Editor’s note: This column first appeared in the Sunday, Nov. 17, 2019, edition of the Dayton Daily News. Amelia Robinson interviewed Dion Green, the son of Derrick Fudge, one of the victims of the Oregon District mass shooting in August. Green also is a victim of the Memorial Day tornadoes. Green shares his personal journey about how he is fighting back from tragic loss and the darkness that follows with Amelia.
As scripture tells it, the devil himself unleashed horror upon horror on Job in the holy text that bears his name.
Loss of loved ones. Loss of health. Loss of property.
Tears after tears after tears. On and on it went.
Dion Green says he’s been likened to the Old Testament hero who was hammered by the prince of darkness with God’s permission. There’s a reason for the comparisons.
The year 2019, with its seemingly endless pileup of trauma and drama, has been cruel to Dayton. An FBI investigation. A water crisis. A KKK rally. Fifteen tornadoes. The worst mass shooting in Ohio’s history. A horrific crash that claimed two 6-year-old girls. A shooting in a Dayton garage that left teen boys dead. The killing of a beloved police detective.
The year 2019 has been crushing to Dion, with whom I spoke for a recent episode of the “What Had Happened Was” podcast.
Like Job, he is only human.
Dion feared he, his 10-year-old daughter and girlfriend were going to die in their Northridge home the night the worst of the tornadoes sucked away their home’s roof and sent the family’s belongings flying blocks away.
Little did they know then that there was more pain on the horizon.
Just over two months later, on Aug. 4, Dion sobbed uncontrollably on Fifth Street as his father took his final breath.
He cradled the man who helped give him life and became a close friend when he became a man.
Mere seconds before, a 24-year-old Bellbrook man emerged from an alley near Blind Bob’s and Newcom’s and killed Derrick Fudge with a pistol modified to act like rifles used in war.
Within a few days, Fudge was supposed to paint his granddaughter’s bedroom — one of the many post-tornado projects at his son’s home. Instead, a white sheet covered his body. In little more than 30 seconds, Connor Betts killed Dion’s dad, Lois Oglesby, Saeed Saleh, Logan Turner, Nicholas Cumer, Thomas McNichols, Beatrice Warren-Curtis, Monica Brickhouse and Megan Betts, his own sister.
Dion says he holds no animosity — not even toward Betts’ family. He imagines the grief of burying two children.
“In order to heal, you have to forgive. You don’t have to forget. I don’t want to walk around angry,” he said. “That’s why the world is becoming what it is now. We need to show forgiveness and spread love back like how it used to be so everybody can get back together and we quit having these disasters that are ruining people’s lives.”
He only wishes Betts were alive to witness the pain he inflicted on families, and to hear about the bright lights his rage extinguished.
Dion, who works as a case manager at a homeless shelter, told me that like Job, he’s questioned God in the mind-numbing days that have passed.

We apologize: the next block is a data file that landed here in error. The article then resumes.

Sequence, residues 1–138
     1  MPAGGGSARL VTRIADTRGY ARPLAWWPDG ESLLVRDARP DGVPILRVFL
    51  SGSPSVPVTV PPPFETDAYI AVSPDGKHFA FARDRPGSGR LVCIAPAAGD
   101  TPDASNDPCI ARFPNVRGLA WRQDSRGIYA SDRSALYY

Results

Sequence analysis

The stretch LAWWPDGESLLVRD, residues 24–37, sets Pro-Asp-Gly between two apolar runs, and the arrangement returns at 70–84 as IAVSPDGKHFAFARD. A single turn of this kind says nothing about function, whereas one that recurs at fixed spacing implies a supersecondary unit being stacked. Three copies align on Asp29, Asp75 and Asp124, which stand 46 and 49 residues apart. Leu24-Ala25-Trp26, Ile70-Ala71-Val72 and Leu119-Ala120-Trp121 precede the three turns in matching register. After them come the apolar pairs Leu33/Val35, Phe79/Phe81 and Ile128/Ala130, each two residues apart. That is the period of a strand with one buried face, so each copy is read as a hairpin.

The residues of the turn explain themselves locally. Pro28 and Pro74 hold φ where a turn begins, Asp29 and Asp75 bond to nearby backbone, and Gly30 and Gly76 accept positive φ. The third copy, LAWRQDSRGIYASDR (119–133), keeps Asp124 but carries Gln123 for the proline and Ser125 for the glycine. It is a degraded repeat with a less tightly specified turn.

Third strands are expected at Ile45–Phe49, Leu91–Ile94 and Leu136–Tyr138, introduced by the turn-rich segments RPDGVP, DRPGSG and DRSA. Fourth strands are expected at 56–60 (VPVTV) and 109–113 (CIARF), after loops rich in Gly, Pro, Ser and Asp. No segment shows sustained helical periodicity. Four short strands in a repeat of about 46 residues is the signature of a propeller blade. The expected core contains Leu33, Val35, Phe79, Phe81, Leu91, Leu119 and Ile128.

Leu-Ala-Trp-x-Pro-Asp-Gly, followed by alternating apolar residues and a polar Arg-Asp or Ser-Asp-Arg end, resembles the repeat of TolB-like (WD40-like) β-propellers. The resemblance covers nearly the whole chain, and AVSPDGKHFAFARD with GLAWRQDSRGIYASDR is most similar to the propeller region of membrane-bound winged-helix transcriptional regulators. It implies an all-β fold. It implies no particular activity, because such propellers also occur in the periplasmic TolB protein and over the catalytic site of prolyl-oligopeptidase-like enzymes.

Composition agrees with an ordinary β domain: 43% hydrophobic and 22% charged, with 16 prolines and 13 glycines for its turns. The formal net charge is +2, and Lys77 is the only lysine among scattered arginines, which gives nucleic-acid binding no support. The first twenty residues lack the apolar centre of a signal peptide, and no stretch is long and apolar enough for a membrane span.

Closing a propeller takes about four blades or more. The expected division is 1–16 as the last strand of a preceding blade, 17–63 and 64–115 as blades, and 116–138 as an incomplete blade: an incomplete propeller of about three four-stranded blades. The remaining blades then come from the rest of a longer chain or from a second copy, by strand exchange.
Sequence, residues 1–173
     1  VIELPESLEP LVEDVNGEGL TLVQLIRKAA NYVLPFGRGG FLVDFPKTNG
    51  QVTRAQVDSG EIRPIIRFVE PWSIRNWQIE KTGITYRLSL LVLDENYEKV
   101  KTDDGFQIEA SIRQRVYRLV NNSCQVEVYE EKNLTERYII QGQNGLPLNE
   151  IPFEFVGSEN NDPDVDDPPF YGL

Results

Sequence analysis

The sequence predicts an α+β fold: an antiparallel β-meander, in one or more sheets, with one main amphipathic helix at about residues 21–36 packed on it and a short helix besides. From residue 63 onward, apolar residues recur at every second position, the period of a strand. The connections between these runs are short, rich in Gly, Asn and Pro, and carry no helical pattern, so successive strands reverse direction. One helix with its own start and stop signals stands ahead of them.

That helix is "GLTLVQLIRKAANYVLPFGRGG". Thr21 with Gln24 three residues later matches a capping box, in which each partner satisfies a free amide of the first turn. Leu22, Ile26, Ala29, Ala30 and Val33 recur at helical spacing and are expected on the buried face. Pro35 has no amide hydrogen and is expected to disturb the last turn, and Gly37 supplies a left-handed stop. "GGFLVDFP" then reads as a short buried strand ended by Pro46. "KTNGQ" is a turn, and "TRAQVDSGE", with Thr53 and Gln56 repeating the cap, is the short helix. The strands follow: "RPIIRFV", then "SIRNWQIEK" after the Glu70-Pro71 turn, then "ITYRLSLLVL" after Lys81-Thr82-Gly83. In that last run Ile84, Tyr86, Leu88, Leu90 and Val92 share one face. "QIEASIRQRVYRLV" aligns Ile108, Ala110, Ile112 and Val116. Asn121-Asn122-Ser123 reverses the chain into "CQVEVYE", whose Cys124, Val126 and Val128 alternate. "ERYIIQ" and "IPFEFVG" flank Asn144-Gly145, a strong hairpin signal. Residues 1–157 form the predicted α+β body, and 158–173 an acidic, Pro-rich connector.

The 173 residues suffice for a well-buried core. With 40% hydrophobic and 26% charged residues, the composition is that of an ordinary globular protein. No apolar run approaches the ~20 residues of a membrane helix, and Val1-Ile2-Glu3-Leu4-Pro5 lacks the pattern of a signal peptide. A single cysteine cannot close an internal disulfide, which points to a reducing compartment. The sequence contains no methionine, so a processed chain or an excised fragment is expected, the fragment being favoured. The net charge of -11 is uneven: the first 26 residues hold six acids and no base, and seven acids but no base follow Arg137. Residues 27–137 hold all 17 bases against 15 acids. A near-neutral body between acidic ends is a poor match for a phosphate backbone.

Typically laid back, he now feels overwhelmed by guilt, sorrow and self-inflicted isolation. He’s escaped to a Houston hotel room to scream, think and write it out.
He doesn’t know if he can stand the holidays with family now that his dad and favorite Whist partner is dead.
The what-ifs are particularly loud when Dion is alone in his car. Unable to escape his own thoughts, he leans on the coping tools he’s learned in therapy. Turn the radio on. Count.
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Dion watched Betts walk down an alley leading to Fifth Street but thought it was a joke. “I feel I could have saved some lives if I’d thought it was a serious situation,” he told me.
He says his dad, girlfriend, sister and brother-in-law would not have been in the Oregon District that night if he hadn’t invited them.
“I don’t know what my blessing is in life to do, why he left me here and took my father,” Dion said.
With the help of a therapist, Dion says he is wrestling the emotions and acute post-traumatic stress that has led to weight loss, sleepless nights and tension in his household.
He has encountered more than his fair share of adversity during the year many Daytonians wish would just go away.
But Dion says he has found a new definition of forgiveness as he’s leaned on his faith.
The Bible says Job did that, too.
“I am making it through,” Dion said. “When I feel like I am leaning to the left, I make sure I call somebody to grab me and pull me back up.”
He wonders why so much sadness and strife has struck his family and his community in 2019. He does know he’s a new person, and that person wants to make a difference in the world.
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That person wants to connect people who can stand stronger together than they ever could on their own.
That person wants to tell people they can get through even the darkest nights.
That person wants the pain to stop and for those who need mental health help to get it.
Like most of us, he wonders why so many bad things have happened in 2019.
Like most of us, he hopes for unity, laughter and love in 2020.
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